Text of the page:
, next on our clockwise journey, is dedicated to the revolutionary events that took place in this area of Moscow. The region was named for the Presnya, a tributary of the Moscow River long ago rerouted through underground pipes, now visible at the surface only in the form of the ponds at the zoo. This station, of the pylon type and clad in red marble, is lined with terra cotta bas-reliefs and panels depicting the revolutions of 1905 and 1917.

This station’s look has changed greatly since its opening, with a wall removed at the end of the platform to provide for a transfer to Barrikadnaya station. If you have not seen it, the grandiose three-story pavilion constituting the entrance to this station, with its panel and massive statue commemorating the workers’ uprisings in this former factory region, is worth a look.

Skipping Belorusskaya, one of the more traditional Ring Line stations, we continue on to Novoslobodskaya, opened on January 30, 1952. This station is one of the metro’s most stunning, with a series of stainedglass windows adorning the station’s pylons. These masterpieces were prepared in Riga, Latvia, and introduced a new stylistic element for Russia, where stained glass was not a traditional medium. Fantastic floral motifs rise from stylized antique vases, surrounding medallions of kaleidoscopic patterns or idealized depictions of Soviet figures. The station ends with a panel that quotes from Christian iconography, showing a Soviet mother and child against a gold background.

Next along the line is Prospekt Mira, opened in 1951. The ornamentation here may be confusing until one learns that the station was originally called Botanichesky Sad [Botanical Garden]. (The name was changed in 1966 when the country’s main botanical gardens were moved to Ostankino.) The top of each column is decorated with a ceramic frieze, like a giant columnar capital. In the center of each floral frieze is a medallion depicting farmers, gardeners, and vineyard workers. There is a total of 16 different medallions. The floral motifs continue into the aboveground pavilion, which is decorated with massive floral columns.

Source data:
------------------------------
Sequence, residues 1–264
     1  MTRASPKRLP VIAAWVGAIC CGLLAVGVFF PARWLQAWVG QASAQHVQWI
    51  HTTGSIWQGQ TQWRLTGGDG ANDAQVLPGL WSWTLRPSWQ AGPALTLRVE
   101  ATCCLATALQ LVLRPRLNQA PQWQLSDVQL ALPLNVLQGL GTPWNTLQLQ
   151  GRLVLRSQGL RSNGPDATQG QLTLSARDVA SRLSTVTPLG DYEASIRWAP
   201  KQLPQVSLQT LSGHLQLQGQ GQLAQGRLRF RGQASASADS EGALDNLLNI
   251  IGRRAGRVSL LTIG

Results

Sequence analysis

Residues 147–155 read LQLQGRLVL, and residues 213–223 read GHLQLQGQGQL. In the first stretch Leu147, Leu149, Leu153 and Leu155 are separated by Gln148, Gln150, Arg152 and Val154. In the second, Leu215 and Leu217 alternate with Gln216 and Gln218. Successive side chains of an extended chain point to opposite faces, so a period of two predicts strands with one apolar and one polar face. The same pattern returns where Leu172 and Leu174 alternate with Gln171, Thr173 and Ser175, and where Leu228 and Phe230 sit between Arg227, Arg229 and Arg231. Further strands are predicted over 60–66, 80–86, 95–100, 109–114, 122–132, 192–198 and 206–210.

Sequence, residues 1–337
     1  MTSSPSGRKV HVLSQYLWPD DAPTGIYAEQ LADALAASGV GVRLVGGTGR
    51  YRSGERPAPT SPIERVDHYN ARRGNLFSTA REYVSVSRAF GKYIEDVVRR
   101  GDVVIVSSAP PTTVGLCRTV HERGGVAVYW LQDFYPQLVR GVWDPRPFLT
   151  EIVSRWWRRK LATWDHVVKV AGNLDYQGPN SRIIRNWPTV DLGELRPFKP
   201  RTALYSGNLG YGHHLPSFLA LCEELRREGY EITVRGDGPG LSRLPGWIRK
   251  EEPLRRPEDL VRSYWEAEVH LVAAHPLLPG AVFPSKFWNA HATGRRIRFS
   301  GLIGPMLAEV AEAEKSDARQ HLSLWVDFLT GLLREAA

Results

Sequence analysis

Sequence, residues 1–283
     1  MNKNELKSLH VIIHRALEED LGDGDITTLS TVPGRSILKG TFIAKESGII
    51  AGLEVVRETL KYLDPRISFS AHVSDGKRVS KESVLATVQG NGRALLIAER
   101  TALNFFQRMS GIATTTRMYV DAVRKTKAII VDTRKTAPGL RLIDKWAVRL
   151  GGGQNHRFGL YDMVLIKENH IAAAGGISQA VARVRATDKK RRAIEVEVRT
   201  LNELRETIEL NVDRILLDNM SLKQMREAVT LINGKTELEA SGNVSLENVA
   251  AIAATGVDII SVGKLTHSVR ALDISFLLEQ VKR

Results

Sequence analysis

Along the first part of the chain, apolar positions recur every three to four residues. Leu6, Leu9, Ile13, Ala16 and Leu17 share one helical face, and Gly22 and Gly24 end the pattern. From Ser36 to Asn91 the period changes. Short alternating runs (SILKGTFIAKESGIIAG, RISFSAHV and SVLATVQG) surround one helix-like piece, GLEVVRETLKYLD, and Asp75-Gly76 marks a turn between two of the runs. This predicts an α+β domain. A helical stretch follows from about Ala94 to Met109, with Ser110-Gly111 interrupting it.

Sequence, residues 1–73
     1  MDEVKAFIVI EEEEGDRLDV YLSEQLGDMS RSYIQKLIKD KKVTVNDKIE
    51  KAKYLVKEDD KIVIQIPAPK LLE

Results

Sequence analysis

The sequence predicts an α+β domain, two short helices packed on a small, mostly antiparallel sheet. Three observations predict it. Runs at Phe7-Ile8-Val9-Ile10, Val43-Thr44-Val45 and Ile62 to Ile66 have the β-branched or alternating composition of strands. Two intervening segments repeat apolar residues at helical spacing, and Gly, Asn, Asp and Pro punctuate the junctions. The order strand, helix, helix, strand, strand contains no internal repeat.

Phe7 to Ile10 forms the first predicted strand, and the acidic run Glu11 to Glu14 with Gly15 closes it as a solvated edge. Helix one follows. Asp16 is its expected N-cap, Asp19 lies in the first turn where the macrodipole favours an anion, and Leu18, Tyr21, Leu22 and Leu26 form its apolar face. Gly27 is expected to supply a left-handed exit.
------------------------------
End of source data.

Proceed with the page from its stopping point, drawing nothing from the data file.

Komsomolskaya is a fitting place to end our tour of the Ring Line because it represents the pinnacle of the Stalin Empire style, with its pompously exaggerated classical elements and lush, nationalist details that recall Orthodox churches as well as the neoclassicism of Peter the Great and Catherine the Great. With its soaring ceiling and an arcade of 34 columns on either side creating a massive open space, the station is truly worth of the title “people’s palace.” The station’s golden panels and mosaics depict major victories of the early Russian state and the Soviet Union, from Alexander Nevsky and Dmitri Donskoy to the Red Army’s defeat of the Whites and the Soviet victory in World War II. The white marble of the rest of the station was chosen to foreground these panels, and one can imagine arriving in the city at mid-century from some distant collective farm and seeing such grandeur — a truly breathtaking introduction to the Soviet capital and a testament to state power.